With so many young runners - especially in Kenya – now having aspirations on successful international careers there is not room for all of them on the track. There are simply not enough races on the professional circuit and in each of those races only a very small number of some 15-25 runners can participate.



On the road no such limitations exist as there are mass races with attractive prize money on offer at especially 10K, Half Marathon and Marathon more or less “everyday and everywhere” all over the world. The influx of new talent to the roads in the last few years has been incredible and most of those runners have no previous background in serious track running. They have instead gone directly to the road where their recent success proves that Marathon running is not necessarily something only suited for “retired” track specialists in their 30s. And the new road runners have gone there with a fresh attitude of not being scared or intimidated by paces previously thought to be suicidal.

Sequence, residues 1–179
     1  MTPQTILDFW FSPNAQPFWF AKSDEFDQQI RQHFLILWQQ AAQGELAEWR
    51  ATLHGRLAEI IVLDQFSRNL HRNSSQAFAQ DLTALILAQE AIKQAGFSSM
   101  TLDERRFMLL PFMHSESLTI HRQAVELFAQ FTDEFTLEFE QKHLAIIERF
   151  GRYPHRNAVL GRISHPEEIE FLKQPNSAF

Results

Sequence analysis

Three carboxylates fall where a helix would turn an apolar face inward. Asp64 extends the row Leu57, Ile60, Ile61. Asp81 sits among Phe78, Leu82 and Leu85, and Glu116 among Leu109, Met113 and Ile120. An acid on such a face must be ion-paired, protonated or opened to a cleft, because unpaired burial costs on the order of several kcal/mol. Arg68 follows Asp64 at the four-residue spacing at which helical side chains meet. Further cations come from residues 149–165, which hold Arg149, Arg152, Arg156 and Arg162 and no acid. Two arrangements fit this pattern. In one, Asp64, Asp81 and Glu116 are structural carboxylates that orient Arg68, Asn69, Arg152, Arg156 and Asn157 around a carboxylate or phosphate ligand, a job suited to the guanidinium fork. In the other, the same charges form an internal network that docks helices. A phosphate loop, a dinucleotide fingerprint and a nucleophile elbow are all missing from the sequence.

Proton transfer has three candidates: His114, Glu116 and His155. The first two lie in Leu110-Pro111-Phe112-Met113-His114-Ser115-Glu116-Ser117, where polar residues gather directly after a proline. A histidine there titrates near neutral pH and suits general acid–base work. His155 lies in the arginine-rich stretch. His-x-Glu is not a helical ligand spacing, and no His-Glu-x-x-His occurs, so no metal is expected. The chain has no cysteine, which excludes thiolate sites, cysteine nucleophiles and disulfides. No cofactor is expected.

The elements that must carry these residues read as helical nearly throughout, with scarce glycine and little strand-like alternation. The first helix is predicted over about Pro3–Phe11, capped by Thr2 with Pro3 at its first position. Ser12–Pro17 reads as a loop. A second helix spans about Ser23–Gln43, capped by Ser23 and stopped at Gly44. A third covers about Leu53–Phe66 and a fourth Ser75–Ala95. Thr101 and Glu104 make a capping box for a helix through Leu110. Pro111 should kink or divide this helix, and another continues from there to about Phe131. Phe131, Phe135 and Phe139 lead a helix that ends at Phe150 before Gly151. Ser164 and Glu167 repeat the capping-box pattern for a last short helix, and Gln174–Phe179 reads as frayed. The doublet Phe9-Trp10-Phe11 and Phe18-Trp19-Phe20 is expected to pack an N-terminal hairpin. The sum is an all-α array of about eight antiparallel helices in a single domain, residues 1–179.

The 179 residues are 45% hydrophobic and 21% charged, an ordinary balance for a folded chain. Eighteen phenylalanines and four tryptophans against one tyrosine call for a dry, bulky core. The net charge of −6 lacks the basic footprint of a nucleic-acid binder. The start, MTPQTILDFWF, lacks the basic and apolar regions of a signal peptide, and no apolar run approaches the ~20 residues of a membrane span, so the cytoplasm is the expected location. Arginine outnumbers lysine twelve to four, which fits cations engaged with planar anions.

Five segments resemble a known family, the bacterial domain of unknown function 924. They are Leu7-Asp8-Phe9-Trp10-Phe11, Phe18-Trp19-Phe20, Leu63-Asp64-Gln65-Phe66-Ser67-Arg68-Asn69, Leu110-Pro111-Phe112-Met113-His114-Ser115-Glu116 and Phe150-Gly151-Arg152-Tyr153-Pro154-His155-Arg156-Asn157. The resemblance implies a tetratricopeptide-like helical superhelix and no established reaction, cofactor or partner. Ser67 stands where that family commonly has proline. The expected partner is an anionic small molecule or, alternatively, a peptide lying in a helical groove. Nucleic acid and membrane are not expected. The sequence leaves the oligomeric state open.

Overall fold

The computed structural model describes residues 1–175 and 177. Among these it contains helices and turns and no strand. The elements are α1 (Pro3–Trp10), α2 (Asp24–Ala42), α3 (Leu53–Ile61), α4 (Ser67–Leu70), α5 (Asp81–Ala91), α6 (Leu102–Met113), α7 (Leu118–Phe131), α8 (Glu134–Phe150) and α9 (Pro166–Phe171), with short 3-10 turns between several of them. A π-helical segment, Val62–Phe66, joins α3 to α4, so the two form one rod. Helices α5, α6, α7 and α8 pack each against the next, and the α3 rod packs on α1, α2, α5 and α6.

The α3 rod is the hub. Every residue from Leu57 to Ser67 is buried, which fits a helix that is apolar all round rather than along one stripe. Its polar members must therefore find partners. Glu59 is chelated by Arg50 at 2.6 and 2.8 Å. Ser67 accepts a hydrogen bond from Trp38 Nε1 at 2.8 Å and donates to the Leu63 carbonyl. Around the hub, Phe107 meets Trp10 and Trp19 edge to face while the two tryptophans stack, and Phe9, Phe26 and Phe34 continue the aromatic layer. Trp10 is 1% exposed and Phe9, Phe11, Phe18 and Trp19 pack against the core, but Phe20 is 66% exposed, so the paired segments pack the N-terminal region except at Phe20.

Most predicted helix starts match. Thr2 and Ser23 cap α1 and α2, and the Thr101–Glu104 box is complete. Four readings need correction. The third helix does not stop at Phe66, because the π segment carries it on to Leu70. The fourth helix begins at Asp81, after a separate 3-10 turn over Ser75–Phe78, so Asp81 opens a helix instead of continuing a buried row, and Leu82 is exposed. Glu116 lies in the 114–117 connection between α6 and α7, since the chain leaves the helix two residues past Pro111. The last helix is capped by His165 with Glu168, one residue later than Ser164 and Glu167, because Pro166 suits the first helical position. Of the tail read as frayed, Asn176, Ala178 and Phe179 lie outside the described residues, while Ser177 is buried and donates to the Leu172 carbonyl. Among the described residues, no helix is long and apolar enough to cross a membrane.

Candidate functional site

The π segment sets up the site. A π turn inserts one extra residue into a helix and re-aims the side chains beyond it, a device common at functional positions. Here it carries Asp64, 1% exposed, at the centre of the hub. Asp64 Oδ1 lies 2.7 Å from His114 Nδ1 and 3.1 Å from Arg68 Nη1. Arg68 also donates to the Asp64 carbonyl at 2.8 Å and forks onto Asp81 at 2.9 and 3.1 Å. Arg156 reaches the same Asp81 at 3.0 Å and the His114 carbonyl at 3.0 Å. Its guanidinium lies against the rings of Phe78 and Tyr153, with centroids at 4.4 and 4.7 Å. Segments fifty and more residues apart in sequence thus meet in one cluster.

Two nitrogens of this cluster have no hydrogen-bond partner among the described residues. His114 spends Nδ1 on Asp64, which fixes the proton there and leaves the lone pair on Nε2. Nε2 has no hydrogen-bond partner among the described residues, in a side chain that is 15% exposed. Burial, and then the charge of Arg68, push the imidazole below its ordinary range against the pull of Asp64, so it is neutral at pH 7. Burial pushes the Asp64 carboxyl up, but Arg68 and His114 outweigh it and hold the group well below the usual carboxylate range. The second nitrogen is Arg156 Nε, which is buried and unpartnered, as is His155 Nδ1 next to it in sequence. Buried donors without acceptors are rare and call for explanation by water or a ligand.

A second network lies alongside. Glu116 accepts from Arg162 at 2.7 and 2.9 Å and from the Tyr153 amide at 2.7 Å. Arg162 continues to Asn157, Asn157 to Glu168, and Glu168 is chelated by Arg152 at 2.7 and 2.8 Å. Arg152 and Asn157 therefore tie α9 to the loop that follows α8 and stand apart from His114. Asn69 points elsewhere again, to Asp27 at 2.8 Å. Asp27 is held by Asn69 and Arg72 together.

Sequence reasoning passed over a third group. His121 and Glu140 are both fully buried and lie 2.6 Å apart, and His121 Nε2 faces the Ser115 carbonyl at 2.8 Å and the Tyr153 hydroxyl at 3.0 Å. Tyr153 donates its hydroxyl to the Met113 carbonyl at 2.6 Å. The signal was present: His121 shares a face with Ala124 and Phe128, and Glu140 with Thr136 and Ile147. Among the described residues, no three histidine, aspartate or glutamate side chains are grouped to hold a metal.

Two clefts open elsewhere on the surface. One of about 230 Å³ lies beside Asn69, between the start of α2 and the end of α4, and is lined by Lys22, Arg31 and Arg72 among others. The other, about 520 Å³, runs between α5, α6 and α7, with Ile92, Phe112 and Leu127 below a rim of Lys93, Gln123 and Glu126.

One final reason why 2011 will go down in the history books as a very remarkable year indeed in marathon running: on the 2011 world list (as per early December and only counting “record legal” courses) all of the top-20 runners come from the same nation – Kenya! Not even traditional rivals Ethiopia managed to break into the top-25! In this day and age of truly globalised athletics and in an event available to everybody (no need for special arenas or expensive equipment) in every corner of the earth – but Antarctica – such complete domination by one single nation should not be practically or theoretically possible. But still it happened!?!



Race Walking